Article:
Maps are such a big part of my life as I experience the world via my sailboat so the TechCrunch posting XKCD Updates Its Map: We No Longer Live In Actual Countries But Digital Ones provided some serious fun for me this morning looking at this updated map for 2010 and this previous 2007 Map of Online Communities from XKCD. These maps show online communities as countries with size based on the volume of daily social activity.
It is both a fun perspective on the world we live in and very useful to support the trend I’ve been talking about for many years that the whole notion of national boundaries is fading fast relative to their importance and relevance in our daily life. Let me be quick to point out that I am not in any way suggesting that national boundaries will be eliminated or forgotten nor that we will be any less proud of your national heritage.
But in terms of what matters in our daily lives as we go about living, learning and working together I think we are all seeing more and more examples where national boundaries matter less and less. The country of origin of a person, product or service matters less and less to us compared to their fit and match to our unique needs and preferences.
Think about it, in your conversations and correspondence over the past week which have you mentioned more often; what country you are from or what online community you are from?
I’m certainly pleased and proud to be Canadian for example and just sent out a Happy Canadian Thanksgiving (Oct.11th) wish to one and all. But guess where and how I sent it? My blogs, Facebook, Twitter and all done from the cockpit of s/v Learnativity here in Majuro atoll in the Marshall Islands group. (07 06.274 N, 171 22.358 E)
I would also point out a related pattern that the importance of and the differences between the physical and the digital, between the real and the virtual, between the geographic location and the online location, are also becoming less and less relevant and distinct. We can and should start dropping them as qualifiers in our conversations. Just like we are less likely to feel the need to point out that we are calling someone from our car or an airplane and focus on the conversation at hand, we will have less need to add that some thing, or even some one, is digital or online or Canadian and focus more on having the right people and things connected together at the right time and way to meet the unique needs of the moment.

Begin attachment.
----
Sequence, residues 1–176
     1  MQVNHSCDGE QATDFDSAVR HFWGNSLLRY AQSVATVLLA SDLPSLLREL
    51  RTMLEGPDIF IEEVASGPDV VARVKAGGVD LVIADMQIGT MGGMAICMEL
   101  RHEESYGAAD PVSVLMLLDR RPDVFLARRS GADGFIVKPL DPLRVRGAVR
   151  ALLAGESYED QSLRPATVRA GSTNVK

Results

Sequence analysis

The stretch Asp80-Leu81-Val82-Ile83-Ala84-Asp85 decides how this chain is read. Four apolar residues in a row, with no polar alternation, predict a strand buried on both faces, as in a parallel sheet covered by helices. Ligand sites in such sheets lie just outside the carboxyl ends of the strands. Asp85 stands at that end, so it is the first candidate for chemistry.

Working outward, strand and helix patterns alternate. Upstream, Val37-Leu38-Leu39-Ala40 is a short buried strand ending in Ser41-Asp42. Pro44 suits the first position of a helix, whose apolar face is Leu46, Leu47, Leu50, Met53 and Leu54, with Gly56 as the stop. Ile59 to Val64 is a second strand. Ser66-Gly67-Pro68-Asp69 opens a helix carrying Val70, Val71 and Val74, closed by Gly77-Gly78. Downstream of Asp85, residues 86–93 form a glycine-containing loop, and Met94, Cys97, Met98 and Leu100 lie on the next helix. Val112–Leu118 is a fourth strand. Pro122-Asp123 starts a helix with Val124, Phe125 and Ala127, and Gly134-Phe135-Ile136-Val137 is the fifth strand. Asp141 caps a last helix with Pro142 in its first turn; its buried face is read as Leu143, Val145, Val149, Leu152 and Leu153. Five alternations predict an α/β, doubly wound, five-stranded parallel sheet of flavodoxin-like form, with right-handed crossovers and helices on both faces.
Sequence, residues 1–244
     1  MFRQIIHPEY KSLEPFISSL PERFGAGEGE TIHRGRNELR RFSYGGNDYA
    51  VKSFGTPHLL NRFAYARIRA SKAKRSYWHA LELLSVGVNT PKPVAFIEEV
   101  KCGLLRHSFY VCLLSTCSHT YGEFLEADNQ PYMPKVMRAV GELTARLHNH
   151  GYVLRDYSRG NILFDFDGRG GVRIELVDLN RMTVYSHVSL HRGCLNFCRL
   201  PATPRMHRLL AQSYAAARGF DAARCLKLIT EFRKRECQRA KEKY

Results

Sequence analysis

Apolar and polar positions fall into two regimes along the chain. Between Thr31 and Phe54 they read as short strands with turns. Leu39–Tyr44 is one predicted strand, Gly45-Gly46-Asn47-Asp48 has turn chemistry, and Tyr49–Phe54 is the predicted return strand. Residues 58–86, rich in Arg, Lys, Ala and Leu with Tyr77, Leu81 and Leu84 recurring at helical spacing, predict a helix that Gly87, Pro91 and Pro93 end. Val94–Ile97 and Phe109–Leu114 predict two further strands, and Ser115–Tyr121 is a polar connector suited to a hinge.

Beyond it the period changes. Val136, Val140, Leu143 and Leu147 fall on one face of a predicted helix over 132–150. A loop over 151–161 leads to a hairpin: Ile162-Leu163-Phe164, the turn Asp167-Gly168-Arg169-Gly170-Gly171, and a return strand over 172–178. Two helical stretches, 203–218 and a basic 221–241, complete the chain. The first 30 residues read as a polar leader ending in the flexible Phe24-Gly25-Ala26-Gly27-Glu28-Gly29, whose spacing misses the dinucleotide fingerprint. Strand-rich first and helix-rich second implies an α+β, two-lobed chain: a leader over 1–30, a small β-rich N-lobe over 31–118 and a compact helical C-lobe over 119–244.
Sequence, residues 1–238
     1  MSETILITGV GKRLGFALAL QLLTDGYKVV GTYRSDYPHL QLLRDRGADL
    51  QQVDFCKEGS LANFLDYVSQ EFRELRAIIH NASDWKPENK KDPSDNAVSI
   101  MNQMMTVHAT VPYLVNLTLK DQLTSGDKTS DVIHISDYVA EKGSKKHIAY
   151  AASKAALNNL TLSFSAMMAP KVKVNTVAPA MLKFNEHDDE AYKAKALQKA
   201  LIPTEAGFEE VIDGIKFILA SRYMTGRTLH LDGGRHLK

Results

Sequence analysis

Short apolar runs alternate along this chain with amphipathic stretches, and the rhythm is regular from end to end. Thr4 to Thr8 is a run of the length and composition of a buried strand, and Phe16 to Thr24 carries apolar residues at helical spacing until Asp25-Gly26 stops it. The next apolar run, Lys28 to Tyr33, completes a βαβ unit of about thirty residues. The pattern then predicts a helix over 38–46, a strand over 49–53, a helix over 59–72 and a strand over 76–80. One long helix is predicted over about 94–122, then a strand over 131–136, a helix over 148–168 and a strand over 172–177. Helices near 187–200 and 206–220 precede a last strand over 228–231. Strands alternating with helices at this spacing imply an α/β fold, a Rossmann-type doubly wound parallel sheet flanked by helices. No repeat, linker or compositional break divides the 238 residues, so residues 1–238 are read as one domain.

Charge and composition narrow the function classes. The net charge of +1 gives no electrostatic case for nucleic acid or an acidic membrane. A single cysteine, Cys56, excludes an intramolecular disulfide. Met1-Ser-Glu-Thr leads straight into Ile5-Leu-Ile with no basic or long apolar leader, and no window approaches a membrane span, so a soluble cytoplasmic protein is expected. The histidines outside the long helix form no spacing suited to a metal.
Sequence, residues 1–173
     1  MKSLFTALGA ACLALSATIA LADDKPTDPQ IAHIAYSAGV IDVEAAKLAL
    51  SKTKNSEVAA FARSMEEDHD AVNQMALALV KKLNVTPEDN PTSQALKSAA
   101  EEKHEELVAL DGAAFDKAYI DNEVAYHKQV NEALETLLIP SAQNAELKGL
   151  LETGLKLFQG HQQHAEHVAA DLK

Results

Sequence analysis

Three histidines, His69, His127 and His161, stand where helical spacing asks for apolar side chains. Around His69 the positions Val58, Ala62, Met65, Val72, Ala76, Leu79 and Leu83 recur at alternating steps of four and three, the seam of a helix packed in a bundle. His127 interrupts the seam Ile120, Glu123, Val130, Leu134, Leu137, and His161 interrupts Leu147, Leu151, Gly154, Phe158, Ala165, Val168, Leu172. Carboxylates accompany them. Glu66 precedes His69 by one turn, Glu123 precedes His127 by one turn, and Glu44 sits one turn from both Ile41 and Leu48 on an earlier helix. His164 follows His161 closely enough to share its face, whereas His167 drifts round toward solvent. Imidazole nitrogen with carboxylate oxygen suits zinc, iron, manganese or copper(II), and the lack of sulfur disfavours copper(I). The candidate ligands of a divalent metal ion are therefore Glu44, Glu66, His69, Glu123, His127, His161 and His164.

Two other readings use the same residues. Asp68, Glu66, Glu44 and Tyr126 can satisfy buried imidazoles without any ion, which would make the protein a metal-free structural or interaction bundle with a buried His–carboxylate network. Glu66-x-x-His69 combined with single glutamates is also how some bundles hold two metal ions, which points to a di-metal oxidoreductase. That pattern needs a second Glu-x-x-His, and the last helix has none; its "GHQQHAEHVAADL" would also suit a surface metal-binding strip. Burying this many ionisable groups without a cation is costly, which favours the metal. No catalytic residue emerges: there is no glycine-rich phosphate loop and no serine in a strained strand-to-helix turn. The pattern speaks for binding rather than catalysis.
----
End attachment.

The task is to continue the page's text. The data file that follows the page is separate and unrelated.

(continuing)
Perhaps more importantly it seems to me that communities matter more than countries. I don’t see this as anything uniquely modern or new or digital. Reflecting back on human history one could argue that communities have often been more important than nationalities. What is new however is the reduced need to factor things like location or nationality or digital into our daily decisions. They are not irrelevant, just less relevant.
Taking an even longer view, which is my nature, I see all single point categorization such as nationality, gender, age group, digital, real, and so on, fading in importance and relevance as we instead use these as bits of metadata or characteristics which number in the hundreds, millions and centillions (10600) and which we combine into mashups and mine to help us make faster better decisions and help us avoid stereotyping and other forms of mass production thinking.
While not without new problems and challenges I for one see all these changes as a VERY good thing and a major step forward by providing more ways and opportunities for all of us to help make this a better world to live, love and work within.
In any case, have fun wandering and pondering these maps.